Handling errors

The best way to handle errors is to try to prevent them. Ask target users to test your application as you’re designing it and adjust the workflow to help users avoid encountering errors. Any work that you do while you’re designing your application can save users from being frustrated or annoyed when they use your application. For example,

  • Prompt users with default values.
  • Create fields of an appropriate size. The size of a field indicates how much information users should expect to enter.
  • Be flexible with formats. For example, for phone numbers, accept (519) 555-0199, 5195550199, and 519-555-0199.

Carefully consider whether you need to inform users of an error. If you do need to inform users of an error, expose the error in as moderate a way as possible.

Type Examples Action
Inline

Always consider using this type of notification first.

This screen shows an inline error.

  • Entering an incomplete email address
  • Entering an incorrect password

Attach the notification to the affected item. You can add a subtle side to side animation to emphasize the location of the error.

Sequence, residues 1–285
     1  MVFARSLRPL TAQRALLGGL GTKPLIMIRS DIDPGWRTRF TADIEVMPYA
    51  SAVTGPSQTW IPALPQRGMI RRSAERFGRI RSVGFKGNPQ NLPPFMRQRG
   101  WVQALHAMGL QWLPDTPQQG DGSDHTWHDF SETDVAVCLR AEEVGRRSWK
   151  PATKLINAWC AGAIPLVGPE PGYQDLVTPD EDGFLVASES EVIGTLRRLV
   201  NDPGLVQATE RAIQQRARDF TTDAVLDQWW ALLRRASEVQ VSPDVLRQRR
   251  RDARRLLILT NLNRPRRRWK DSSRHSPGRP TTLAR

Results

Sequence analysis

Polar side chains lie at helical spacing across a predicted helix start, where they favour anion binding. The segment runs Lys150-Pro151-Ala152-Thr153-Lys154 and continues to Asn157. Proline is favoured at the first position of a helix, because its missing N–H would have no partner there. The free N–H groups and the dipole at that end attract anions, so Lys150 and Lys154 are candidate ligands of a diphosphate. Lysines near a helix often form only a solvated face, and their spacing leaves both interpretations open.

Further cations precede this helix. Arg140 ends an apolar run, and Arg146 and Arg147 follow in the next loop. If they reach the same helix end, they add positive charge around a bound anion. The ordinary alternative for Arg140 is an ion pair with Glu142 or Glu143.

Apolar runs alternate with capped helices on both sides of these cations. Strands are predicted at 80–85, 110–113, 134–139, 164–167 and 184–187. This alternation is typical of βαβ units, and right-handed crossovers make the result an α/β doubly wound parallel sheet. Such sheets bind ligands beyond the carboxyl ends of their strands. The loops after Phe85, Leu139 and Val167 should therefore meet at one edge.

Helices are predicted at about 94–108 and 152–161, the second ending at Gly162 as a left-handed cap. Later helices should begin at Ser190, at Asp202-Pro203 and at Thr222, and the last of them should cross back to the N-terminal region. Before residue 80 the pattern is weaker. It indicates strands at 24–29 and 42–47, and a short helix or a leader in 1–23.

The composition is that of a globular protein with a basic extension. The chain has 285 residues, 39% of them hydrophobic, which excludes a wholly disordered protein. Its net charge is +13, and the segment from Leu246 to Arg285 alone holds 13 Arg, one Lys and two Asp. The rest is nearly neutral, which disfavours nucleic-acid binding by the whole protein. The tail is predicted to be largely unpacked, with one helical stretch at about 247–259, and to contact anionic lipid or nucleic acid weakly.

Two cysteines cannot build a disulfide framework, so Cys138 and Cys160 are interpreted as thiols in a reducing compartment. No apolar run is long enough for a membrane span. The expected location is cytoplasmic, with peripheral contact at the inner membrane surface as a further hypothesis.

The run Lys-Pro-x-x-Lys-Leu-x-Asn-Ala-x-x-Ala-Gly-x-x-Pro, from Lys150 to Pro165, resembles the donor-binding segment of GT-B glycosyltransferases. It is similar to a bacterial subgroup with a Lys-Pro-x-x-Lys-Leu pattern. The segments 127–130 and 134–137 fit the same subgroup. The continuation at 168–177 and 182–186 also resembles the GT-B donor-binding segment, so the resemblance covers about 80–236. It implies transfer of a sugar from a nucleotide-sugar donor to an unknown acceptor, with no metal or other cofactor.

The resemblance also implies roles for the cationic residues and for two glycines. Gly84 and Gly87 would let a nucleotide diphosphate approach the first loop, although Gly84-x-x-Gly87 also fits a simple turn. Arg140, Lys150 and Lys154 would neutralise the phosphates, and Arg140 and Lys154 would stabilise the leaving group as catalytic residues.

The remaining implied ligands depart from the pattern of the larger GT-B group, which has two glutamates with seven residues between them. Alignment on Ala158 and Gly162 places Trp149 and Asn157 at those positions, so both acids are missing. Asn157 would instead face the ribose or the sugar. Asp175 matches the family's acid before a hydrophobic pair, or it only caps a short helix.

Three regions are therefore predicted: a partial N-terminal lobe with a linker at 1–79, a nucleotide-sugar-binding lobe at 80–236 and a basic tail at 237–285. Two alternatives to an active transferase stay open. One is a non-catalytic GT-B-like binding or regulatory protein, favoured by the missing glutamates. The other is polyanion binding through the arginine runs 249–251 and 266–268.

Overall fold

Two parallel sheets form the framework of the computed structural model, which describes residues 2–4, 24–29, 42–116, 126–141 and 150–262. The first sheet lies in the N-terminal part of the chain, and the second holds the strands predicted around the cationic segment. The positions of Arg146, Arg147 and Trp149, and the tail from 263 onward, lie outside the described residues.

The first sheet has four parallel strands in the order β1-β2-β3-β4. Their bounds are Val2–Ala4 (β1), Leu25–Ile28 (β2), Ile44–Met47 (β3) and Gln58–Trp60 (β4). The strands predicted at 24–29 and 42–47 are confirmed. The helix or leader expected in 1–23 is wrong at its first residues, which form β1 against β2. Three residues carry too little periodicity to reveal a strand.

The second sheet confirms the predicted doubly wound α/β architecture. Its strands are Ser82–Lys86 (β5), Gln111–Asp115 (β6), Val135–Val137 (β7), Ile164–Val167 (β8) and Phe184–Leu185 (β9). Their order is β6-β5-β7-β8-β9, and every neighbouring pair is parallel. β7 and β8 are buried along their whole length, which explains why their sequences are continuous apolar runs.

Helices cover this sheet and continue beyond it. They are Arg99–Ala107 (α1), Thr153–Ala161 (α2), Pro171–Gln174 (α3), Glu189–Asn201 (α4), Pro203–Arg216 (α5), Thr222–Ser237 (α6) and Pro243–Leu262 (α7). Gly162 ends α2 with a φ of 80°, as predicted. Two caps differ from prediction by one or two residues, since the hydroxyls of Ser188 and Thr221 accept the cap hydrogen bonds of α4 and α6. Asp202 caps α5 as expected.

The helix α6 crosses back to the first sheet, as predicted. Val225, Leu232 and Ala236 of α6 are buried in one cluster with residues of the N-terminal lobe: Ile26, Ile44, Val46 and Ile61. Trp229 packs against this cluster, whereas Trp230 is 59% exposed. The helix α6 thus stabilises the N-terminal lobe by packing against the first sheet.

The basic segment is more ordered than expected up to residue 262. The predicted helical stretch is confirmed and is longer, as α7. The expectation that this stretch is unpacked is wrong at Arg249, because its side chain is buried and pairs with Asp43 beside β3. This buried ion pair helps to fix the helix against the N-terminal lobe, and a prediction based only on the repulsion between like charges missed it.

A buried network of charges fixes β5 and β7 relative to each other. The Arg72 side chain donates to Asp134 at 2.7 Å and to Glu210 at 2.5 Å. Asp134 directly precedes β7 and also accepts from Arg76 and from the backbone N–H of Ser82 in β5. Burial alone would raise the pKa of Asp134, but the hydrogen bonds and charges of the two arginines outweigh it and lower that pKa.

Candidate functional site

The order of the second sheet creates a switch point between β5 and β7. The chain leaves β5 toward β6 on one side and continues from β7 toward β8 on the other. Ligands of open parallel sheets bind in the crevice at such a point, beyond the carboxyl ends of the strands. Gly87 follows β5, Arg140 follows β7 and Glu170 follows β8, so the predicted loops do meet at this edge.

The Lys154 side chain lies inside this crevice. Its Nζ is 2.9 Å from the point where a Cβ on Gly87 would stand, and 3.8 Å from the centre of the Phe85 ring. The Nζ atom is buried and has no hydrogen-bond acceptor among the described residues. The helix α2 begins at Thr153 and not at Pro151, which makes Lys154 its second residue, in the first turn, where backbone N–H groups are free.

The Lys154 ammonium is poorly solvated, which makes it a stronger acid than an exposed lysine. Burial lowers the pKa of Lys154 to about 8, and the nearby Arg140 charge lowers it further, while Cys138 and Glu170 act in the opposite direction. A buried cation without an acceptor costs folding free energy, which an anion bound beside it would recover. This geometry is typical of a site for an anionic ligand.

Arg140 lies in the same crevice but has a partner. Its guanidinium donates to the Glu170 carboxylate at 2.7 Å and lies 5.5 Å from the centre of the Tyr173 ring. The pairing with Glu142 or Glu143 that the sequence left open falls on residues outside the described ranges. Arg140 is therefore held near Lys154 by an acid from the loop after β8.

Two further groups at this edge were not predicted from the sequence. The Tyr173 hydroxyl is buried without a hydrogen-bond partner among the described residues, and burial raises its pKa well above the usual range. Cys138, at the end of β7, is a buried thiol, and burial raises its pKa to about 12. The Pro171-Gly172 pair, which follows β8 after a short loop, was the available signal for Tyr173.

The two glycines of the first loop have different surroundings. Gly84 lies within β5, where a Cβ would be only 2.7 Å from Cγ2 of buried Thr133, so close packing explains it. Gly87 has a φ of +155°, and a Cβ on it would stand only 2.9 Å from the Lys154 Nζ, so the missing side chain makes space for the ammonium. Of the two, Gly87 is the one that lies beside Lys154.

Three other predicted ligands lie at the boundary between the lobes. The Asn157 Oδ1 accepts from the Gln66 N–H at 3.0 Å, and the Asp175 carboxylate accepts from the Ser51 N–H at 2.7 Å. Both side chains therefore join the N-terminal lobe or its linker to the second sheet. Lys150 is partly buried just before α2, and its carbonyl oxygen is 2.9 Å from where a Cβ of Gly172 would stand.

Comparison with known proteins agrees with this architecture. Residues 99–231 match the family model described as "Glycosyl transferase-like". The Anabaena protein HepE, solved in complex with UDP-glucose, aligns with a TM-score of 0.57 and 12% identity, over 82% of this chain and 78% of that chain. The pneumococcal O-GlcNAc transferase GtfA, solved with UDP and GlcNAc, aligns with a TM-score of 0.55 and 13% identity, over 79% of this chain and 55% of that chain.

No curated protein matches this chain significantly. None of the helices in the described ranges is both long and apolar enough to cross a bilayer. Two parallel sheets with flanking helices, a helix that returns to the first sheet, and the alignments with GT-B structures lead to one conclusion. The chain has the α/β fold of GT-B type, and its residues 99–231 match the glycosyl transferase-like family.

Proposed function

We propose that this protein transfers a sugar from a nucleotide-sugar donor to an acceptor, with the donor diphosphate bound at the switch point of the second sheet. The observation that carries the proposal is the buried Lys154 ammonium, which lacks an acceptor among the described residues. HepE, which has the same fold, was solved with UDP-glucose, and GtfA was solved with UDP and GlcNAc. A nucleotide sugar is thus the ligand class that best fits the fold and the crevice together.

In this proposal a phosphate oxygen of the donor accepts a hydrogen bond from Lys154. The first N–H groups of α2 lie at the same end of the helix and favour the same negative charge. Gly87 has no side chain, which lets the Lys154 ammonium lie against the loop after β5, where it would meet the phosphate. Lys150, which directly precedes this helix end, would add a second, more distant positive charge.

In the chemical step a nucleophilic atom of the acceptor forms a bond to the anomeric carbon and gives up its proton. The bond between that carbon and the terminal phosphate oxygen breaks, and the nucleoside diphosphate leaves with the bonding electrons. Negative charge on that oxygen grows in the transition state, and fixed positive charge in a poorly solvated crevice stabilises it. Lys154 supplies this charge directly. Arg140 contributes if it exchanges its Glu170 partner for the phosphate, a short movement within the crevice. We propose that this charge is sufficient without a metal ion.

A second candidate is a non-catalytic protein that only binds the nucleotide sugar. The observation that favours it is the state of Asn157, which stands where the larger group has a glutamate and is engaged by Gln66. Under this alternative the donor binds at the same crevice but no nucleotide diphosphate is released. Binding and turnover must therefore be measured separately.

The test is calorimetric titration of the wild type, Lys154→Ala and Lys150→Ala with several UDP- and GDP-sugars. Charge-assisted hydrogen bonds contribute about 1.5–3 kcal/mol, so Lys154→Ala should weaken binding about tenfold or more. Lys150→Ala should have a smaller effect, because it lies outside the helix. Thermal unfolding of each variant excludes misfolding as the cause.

This approach allows users to continue without being blocked by an error.

Toast

If an inline notification isn’t possible, consider a toast.

This screen shows a toast error.

  • Uploading an image was not successful
  • New messages do not appear because the device is not connected to a  wireless network

Display a toast on the screen. Once users start to interact with the screen, the toast should disappear after 3 seconds.

This approach allows users to continue without being blocked by an error.

Dialog

Use when users must be informed explicitly of an error.

This screen shows a dialog error.

Restarting an application

Display an inquiry dialog which requires users to take action before being able to continue.

This approach makes sure that users are aware of the error.

Best practices

  • Inform users of errors as quickly as possible. For example, if users enter an incorrect phone number, display an inline notification as soon as users leave the text field. 
  • Keep action buttons inactive (for example, Send, Share, or Next) until users enter the required information and the information is validated. 
  • Help users recover from errors by suggesting a solution rather than just stating the problem. For example, if a device is not connected to a wireless network, prompt users to turn on Wi-Fi.
  • Offer to remedy situations that affect the performance of the application. For example, if users have a large number of tabs open in the browser, you could suggest that users close some tabs to improve the browsing experience.
  • Avoid informing users of successful actions. Users should feel confident in the success of their actions.
  • Don't reset values that users have entered unless the values are confidential, such as passwords.

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